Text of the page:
Passive Aggressive is a Bad Look on You

by Brien Jackson

It’s always funny to watch someone back themselves into a passive aggressive swipe at someone else. You start off seeming concillatory and accomodating, before you inevitably level a backhand swipe at whomever you’re addressing. Very few people can do it well in print, because it’s easy to see coming, and Jon Chait isn’t one of them. Here he is writing about The Israel Lobby and Jeffrey Goldberg’s infamous review of it in TNR:

My column disputed the notion that there truly was an atmosphere of fear and intimidation around any criticism of Israel’s government. The American Prospect‘s Ezra Klein retorts that this may be true, but only because the attempts to suppress debate–by, among other people, me–were failing. “The thing about criticizing Israel is that you get called an anti-Semite rather a lot,” he wrote, rather dramatically. But we did it so often that the charge had lost its sting. Thus, “Criticizing Israel is not an act of courage because it’s not actually dangerous for your career. This is despite the best efforts of Chait and his magazine.”

Klein did not cite any examples of me calling somebody anti-Semitic merely for criticizing Israel. It’s merely an article of faith among the left that any response to their criticism is either a direct accusation of anti-Semitism or, at the least, an attempt to suppress debate. The Center for American Progress’s Matthew Yglesias, meanwhile, calls my magazine an “ideological enforcer” on Israel. The rule here is that if you write political commentary disagreeing with the J Street analysis of Israel, you’re a thuggish ideological enforcer. If you write political commentary supporting the J Street analysis, you’re a courageous ideological freedom fighter.

Sounds reasonable so far right? And Chait gets even more magnanimous, or seems to, as we go along:

Klein in particular blames me for TNR’s review of Stephen M. Walt and John J. Mearsheimer’s The Israel Lobby and U.S. Foreign Policy by The Atlantic‘s Jeffrey Goldberg, which cast Walt and Mearsheimer’s book in the tradition of “judeocentric” analysis, a category that mostly includes anti-Semites. This review is a source of deep and continuing grievance among many liberal bloggers. As it is now being held against me personally, I might as well say what I think about it. I don’t like using words like “racist” or “anti-Semite” to dismiss ideas or people, except in very clear-cut cases. Terms like anti-Semite create questions about definitions–does it mean hating all Jews? Thinking Jews are too powerful? Agreeing with ideas primarily favored by people who want to kill the Jews?–that tend to bring a debate to a screeching halt. Goldberg took a slight step away from the term “anti-Semite,” but not far enough for my taste.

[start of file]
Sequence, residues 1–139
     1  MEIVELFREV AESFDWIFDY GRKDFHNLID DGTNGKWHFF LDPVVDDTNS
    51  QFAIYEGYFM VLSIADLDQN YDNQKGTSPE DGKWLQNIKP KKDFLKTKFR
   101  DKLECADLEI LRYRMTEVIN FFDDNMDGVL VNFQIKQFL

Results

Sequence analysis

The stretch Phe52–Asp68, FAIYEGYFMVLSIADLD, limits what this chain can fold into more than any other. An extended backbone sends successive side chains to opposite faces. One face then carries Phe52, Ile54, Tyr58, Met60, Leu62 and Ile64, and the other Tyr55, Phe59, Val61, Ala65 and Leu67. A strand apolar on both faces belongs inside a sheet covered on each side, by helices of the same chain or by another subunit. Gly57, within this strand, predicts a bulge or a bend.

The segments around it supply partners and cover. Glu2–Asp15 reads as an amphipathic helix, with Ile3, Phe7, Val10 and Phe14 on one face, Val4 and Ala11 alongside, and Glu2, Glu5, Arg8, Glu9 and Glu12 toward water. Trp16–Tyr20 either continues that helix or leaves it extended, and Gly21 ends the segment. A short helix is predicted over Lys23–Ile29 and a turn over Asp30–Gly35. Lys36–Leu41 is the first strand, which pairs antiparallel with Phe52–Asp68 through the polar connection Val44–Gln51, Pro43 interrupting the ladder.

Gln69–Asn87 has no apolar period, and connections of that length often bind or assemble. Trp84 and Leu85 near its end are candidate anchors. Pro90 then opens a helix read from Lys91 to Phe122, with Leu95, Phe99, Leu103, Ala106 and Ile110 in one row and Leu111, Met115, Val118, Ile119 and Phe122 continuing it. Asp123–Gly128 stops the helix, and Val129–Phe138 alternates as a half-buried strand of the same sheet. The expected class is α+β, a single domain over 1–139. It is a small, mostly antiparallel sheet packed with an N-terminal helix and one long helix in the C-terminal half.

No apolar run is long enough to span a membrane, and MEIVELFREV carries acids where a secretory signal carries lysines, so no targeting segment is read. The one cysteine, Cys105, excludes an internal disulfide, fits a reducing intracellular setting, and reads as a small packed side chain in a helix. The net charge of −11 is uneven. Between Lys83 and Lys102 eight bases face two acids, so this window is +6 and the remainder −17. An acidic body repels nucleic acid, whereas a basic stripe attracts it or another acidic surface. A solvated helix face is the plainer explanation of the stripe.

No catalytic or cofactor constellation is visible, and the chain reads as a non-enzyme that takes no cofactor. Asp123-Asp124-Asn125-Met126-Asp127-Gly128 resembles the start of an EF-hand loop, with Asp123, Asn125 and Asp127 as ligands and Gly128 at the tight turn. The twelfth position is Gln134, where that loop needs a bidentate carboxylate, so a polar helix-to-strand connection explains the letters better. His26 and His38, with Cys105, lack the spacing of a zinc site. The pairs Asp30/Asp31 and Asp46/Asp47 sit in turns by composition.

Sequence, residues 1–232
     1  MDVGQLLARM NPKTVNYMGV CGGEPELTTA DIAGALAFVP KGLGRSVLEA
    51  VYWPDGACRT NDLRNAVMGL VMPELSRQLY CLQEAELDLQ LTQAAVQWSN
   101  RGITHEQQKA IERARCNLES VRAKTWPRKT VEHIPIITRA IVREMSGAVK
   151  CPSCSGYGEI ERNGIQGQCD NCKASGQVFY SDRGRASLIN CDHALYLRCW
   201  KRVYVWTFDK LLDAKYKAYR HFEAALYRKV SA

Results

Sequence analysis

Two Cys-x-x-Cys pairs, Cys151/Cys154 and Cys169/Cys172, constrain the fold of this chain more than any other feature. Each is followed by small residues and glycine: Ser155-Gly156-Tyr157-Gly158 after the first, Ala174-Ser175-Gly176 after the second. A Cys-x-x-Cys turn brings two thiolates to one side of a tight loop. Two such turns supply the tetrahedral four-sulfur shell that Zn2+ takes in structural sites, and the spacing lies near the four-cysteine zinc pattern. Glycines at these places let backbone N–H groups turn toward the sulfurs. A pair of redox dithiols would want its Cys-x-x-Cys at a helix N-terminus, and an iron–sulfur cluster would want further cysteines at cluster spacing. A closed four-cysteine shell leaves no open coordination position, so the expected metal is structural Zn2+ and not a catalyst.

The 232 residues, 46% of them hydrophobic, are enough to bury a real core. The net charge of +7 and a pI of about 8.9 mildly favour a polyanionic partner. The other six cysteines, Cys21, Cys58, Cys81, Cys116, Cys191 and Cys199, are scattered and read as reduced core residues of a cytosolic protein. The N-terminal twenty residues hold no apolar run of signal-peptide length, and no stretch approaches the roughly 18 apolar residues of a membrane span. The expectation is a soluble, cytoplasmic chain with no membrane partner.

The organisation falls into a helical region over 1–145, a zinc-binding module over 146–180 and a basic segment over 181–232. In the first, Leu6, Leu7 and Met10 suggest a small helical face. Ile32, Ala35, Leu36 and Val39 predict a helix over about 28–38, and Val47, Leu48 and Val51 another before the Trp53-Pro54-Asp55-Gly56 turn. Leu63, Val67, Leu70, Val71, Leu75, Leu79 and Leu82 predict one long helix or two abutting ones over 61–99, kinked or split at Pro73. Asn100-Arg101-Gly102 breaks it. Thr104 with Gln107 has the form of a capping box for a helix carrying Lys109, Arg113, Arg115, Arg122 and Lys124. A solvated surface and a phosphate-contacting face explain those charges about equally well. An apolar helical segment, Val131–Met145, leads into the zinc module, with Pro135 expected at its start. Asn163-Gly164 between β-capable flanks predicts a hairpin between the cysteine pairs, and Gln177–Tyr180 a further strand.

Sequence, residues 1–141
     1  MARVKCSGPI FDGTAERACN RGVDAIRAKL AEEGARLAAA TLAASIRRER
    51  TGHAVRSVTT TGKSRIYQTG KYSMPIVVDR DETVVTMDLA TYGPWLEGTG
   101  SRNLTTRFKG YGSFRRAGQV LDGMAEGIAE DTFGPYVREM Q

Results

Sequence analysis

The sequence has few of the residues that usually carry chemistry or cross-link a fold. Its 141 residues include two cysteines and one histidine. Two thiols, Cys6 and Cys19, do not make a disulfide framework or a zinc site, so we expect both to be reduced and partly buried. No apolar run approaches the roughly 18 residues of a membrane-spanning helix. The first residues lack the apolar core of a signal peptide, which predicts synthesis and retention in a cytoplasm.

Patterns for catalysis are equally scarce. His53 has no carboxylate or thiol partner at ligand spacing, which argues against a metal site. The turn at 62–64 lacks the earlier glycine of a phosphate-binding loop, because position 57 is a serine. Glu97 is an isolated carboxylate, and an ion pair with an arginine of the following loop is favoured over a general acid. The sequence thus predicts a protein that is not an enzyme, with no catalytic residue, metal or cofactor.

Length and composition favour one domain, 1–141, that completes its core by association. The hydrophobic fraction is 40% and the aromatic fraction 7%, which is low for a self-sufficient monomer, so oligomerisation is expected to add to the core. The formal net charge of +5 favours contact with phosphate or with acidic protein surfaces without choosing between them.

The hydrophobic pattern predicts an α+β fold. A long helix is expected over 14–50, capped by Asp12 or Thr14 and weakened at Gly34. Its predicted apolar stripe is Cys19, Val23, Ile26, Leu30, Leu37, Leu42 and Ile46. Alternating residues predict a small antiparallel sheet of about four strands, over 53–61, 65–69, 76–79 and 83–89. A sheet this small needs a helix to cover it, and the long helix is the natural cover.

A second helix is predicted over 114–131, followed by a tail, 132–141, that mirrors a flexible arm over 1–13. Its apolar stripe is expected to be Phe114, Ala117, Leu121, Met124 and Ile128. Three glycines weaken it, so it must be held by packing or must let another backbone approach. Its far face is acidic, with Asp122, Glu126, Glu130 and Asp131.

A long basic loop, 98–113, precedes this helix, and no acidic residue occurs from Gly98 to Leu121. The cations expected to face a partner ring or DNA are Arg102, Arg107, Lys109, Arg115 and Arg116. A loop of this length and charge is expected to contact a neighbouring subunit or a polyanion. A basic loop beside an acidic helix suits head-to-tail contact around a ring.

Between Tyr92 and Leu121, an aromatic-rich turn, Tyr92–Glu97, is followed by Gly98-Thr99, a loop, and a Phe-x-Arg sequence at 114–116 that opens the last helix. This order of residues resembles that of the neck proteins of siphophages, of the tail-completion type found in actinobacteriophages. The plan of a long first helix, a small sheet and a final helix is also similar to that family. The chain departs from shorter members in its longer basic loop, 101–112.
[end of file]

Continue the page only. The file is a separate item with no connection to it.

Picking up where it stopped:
However, I do find with Goldberg’s underlying analysis totally correct. Walt and Mearsheimer wrote a book that, even by the account of fair-minded and even ideologically sympathetic critics, is a shoddy, paranoid screed. When you make an argument that closely tracks a longstanding racist or anti-Semitic trope, you have some obligation to take extra care. To take another example, I have no opinion as to whether Charles Murray or Richard Herrnstein has any personal animus against African Americans. I do think that if they wanted to break the taboo against discussion of the black-white IQ gap, they should have made a better argument than they did in The Bell Curve.

In fact, the analogy between The Israel Lobby and The Bell Curve is pretty close to exact. Each covers a subject that, because it encroaches upon territory favored by racist kooks, has some measure of taboo attached to it. Each is a work that had some legitimate points but is marred by fundamental flaws. Each responded to the inevitable accusations of bigotry by playing up their sense of martyrdom and bravery. And each won devoted partisans who, even if they couldn’t quite defend every shoddy claim, were pleased to see taboos challenged and the scope of discourse expanded, and quick to dismiss all the critics as bullies and censors.

Did you catch that? Chait doesn’t like to call people anti-Semitic for criticism of Israel, and there’s no evidence of him doing so apparently, but The Israel Lobby is just like The Bell Curve, which argues, ultimately, that white people are inherently smarter than black people, which many people, obviously, consider to be quite racist. The Israel Lobby, by contrast, posits that Israel has a political lobby in America just like gun manufacturers, corportate interests, reproductive rights advocates, etc. Indeed, given the presence of a group like AIPAC, in which “PAC” literally means “political action committee,” the reason I have yet to read the book is that the conclusion is just obvious.

And this is what Matt and Ezra are talking about when they discuss TNR’s Israel writing. If you criticize Israel someone in TNR (not counting Marty) will call you an anti-Semite. The ones who do it more subtly, like Chait, will do it nonetheless. And while I don’t much care about Commentary or The Weekly Standard since those are right-wing outlet, TNR is still a nominally mainstream publication with a liberal domestic slant.

But Ezra is right about the fact that the recent incursion into Gaza, as well as “the lobby’s” more recent (unsuccessful) attacks on higher profile, more established critics like Walt, Mearshimer, Joe Klein, etc., have left their criticisms with less force than they had, say, 5 years ago.

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